The National Institutes of Health (NIH) Pain Consortium has selected Southern Illinois University Edwardsville among 11 institutions as designated Centers of Excellence in Pain Education (CoEPEs). SIUE School of Pharmacy Associate professor Chris Herndon, PharmD., led the grant application.
"This is an incredibly exciting opportunity.” Herndon said. “The subsequent impact on patient care for those in pain, regionally, will be immeasurable."
The CoEPEs will act as hubs for the development, evaluation and distribution of pain management curriculum resources for medical, dental, nursing and pharmacy schools to enhance and improve how health care professionals are taught about pain and its treatment. Twenty institutes, centers and offices at NIH are involved in the consortium.
A number of SIUE faculty members will serve as co-investigators, including Dr. Keith Hecht, Dr. Erin Timpe and Dr. McKenzie Ferguson from the School of Pharmacy; Dr. Kevin Rowland from the SIU School of Dental Medicine; and Dr. Carol Wesley from the Department of Social Work in the SIUE College of Arts and Sciences; and Dr. Michael Neumeister from the SIU School of Medicine. Saint Louis University also is collaborating with SIUE, with Dr. Mary Ann Lavin representing the SLU School of Nursing, and Dr. Ray Tait serving as the co-manager of the CoEPE. He will provide direction on the curriculum development for psychology.
The new Centers of Excellence in Pain Education were selected by the NIH Pain Consortium after a contract solicitation process and review. Other awardees are the University of Washington, Seattle; the University of Pennsylvania Perelman School of Medicine, Philadelphia; the University of Rochester, N.Y.; the University of New Mexico, Albuquerque; the Harvard School of Dental Medicine, Boston; the University of Alabama at Birmingham; the Thomas Jefferson University School of Medicine, Philadelphia; the University of California, San Francisco; the University of Maryland, Baltimore; and the University of Pittsburgh.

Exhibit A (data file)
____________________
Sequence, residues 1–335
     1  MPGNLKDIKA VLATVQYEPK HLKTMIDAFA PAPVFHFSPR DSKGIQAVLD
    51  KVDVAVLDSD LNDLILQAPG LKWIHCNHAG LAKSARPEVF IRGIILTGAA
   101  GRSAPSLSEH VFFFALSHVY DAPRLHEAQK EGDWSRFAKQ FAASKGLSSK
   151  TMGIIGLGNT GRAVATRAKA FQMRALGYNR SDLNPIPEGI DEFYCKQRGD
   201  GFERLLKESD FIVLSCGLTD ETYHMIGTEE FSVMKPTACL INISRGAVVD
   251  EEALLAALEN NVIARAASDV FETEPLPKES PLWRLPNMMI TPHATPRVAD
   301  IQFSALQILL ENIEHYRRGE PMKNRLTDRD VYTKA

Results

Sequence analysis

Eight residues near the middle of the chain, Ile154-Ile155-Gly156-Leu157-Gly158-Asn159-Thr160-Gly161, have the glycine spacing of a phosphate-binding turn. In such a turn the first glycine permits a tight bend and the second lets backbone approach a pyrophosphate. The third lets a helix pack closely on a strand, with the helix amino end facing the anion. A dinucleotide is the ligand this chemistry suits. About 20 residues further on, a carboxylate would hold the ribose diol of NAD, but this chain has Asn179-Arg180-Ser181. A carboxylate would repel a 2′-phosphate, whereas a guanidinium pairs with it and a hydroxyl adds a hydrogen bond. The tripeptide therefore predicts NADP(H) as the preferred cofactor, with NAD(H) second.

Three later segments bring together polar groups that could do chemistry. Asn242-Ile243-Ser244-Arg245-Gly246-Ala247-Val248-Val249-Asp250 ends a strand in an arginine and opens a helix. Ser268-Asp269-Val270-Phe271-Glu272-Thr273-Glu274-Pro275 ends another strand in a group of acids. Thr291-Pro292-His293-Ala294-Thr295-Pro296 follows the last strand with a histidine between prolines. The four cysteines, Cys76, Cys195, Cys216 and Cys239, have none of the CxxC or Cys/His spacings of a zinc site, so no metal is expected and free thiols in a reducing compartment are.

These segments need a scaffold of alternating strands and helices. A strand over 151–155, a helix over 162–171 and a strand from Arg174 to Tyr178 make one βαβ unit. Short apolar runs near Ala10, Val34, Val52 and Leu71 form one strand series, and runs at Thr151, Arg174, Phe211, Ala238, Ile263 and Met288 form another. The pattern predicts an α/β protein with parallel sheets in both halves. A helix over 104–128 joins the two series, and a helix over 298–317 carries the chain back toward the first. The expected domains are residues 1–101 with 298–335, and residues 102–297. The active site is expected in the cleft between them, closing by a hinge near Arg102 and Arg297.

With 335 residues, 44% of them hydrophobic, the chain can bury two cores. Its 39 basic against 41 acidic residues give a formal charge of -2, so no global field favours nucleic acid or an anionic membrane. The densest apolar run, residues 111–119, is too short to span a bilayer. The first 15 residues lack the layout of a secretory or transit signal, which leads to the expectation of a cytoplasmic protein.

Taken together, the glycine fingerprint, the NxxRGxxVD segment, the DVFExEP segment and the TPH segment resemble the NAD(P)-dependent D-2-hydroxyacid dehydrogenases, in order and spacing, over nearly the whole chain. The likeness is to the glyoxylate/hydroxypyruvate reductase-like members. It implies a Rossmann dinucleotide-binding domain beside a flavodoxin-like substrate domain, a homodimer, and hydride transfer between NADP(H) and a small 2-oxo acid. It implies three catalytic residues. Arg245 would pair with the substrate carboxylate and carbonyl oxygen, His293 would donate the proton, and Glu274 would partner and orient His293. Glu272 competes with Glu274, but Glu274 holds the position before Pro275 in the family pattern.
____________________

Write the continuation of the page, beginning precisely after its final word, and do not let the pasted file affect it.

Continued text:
Chronic pain affects about 100 million Americans, costing up to $635 billion in medical treatment and lost productivity, and producing immeasurable suffering for people of all ages. Yet, pain treatment is not taught extensively in many health professional schools, and clinical approaches can be inconsistent. Types of pain of particular interest to the NIH Pain Consortium are rehabilitation pain, arthritis and musculoskeletal pain, neuropathic pain and headache pain.
NIH institutes and centers funding the CoEPEs include the National Institute on Drug Abuse (NIDA), which is coordinating the project; the Eunice Kennedy Shriver National Institute of Child Health and Human Development; the National Center for Complementary and Alternative Medicine; the National Institute of Dental and Craniofacial Research; the National Institute of Nursing Research; the National Institute of Arthritis and Musculoskeletal and Skin Diseases; the National Institute on Aging; the Office of Behavioral and Social Sciences Research; the Office of Research on Women's Health; and NINDS. Other NIH institutes and centers that are part of the consortium will act as technical advisors to the project. The full list of the consortium members can be found at: http://painconsortium.nih.gov/members.html.